Outdoor producers face land challenges in 2014

Outdoor pig keepers are facing stiffer competition for sites as cross compliance concerns make letting out land on short-term agreements for vegetable and root growing an easier option for some landowners.

Outdoor production ideally needs sandy, free-draining land and some are being forced to find new sites for their units or face the alternative of selling their herds and equipment.

Soil erosion and land management issues following periods of wet weather are the biggest cross compliance issues, with Single Payment Scheme (SPS) payments claimed on most outdoor pig land.

Most outdoor pig units rotate on a two year on/two year off system and are stocked at around 25 sows/ha. This means the operator of a typical 750 sow herd will need access to a total of 60ha of suitable free draining light land, of which 30ha will be used at any one time.

At the same time great care must be taken to ensure that outdoor herds are kept within the overall 170kg/ha Nitrate Vulnerable Zone (NVZ) limits.

Agreements between landowners and pig keepers must also meet Rural Payment Agency and Environment Agency rules.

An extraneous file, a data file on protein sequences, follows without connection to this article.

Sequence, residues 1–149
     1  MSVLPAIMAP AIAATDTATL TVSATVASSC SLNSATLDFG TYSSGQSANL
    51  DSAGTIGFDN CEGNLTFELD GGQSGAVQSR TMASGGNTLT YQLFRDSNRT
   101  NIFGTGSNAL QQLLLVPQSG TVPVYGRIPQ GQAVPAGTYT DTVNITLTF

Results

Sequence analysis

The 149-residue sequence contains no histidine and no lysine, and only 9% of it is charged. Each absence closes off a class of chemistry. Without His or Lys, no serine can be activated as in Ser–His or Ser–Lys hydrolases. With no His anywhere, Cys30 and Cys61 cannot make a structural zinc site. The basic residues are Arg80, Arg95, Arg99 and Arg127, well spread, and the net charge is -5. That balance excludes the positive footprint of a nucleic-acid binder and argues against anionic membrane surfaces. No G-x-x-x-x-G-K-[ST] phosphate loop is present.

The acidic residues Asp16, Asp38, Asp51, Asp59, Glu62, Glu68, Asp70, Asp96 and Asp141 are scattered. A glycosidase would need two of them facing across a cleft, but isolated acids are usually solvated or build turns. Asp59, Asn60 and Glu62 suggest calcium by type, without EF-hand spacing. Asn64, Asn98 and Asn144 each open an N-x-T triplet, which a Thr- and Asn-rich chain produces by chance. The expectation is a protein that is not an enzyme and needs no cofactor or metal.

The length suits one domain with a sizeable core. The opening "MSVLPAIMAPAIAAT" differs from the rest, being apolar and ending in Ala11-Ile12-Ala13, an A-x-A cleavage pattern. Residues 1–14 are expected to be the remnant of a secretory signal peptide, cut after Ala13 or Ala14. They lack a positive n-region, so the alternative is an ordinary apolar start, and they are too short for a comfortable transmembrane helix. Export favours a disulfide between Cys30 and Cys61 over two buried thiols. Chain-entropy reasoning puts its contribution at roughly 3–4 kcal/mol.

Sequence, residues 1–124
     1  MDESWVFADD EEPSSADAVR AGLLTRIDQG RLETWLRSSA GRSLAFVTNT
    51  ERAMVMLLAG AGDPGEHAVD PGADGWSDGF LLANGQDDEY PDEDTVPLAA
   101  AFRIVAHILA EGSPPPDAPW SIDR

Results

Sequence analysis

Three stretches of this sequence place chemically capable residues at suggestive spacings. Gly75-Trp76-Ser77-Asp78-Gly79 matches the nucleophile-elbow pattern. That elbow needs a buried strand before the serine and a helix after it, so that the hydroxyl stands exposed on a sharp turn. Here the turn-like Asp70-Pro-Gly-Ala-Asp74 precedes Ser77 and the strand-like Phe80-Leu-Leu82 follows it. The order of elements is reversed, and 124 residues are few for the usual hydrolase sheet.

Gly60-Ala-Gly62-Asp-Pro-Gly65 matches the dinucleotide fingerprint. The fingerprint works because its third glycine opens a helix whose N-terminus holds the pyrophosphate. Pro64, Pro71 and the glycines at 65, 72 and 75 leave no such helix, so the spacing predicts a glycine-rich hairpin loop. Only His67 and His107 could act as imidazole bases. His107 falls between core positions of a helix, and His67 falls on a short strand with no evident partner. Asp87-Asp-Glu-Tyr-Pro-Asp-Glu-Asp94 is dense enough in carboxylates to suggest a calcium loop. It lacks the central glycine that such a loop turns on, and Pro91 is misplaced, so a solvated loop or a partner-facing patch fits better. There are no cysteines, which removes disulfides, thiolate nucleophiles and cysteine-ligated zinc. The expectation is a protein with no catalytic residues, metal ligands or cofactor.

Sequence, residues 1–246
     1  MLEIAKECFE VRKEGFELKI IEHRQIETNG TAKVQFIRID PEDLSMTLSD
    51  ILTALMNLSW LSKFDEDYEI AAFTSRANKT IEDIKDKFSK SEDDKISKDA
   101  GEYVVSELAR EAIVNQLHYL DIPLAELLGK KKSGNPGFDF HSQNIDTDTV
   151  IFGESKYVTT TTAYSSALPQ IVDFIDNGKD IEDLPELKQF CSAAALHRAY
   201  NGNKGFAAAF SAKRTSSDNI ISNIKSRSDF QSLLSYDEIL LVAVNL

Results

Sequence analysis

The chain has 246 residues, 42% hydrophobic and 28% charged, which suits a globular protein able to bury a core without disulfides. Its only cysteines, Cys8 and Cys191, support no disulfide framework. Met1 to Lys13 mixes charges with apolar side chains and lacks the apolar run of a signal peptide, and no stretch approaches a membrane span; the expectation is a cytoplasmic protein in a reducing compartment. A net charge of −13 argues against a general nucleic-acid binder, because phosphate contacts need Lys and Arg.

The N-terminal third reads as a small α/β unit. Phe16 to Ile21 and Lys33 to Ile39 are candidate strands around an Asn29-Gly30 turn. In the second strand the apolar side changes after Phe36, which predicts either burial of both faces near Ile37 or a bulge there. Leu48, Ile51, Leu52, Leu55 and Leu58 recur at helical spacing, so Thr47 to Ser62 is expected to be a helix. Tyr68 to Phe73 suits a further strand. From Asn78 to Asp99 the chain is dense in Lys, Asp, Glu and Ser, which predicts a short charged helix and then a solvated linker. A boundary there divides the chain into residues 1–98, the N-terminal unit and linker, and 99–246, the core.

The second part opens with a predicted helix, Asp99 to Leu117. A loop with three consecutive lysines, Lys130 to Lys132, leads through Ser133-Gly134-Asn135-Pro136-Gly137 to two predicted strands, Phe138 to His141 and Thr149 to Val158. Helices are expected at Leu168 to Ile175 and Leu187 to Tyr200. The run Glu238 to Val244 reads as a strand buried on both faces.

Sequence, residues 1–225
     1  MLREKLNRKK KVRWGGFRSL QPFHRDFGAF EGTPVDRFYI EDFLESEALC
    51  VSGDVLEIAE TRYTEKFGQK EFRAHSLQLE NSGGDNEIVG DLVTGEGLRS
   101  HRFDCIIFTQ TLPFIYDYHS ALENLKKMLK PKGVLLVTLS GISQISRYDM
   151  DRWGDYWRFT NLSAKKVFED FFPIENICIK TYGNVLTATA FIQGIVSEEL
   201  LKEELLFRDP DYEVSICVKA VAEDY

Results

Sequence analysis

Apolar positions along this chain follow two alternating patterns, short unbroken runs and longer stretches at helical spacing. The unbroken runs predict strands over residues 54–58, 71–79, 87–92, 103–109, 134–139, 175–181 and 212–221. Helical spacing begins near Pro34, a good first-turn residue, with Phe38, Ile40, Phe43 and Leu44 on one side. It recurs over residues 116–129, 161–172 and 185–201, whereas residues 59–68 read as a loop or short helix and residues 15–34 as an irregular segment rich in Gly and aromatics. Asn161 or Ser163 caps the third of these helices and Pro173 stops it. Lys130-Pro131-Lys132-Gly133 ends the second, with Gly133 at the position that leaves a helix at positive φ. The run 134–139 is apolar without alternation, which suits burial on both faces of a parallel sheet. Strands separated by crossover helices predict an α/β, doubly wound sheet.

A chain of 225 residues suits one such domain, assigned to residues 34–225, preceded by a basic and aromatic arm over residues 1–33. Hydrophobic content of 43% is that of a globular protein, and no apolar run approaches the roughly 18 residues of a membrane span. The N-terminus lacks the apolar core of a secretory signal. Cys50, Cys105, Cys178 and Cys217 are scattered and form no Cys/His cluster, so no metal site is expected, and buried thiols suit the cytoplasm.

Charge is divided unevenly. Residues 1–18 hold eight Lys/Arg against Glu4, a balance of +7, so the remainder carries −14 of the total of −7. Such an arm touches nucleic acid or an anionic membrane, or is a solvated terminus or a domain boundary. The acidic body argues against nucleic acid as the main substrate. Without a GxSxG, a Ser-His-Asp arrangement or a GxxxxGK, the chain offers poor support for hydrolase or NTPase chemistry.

Most agreements are Farm Business Tenancy (FBT) agreements or Pig Keeping Licence agreements.

In the case of FBT agreements, the tenant may need access to additional land for manure spreading to keep within NVZ levels or if a Pig Keeping Licence is drawn up this should allow the landowner to include the manure output from the pig enterprise within the whole farm-cropping rotation.

Rents for outdoor pig land are now £618/ha or more in some cases, which provides the landowner with a realistic return as well as improved soil fertility and a break from the usual arable rotation cycle.

Further land fertility benefits will be achieved as in most cases outdoor pig keepers will source straw from the landowner which is then returned to the holding in the form of manure.

Landowners and pig keepers are however recommended to take the appropriate professional advice before entering into any pig keeping arrangements of this nature as well as establishing if the landowner or pig keeper will be the SPS claimant.

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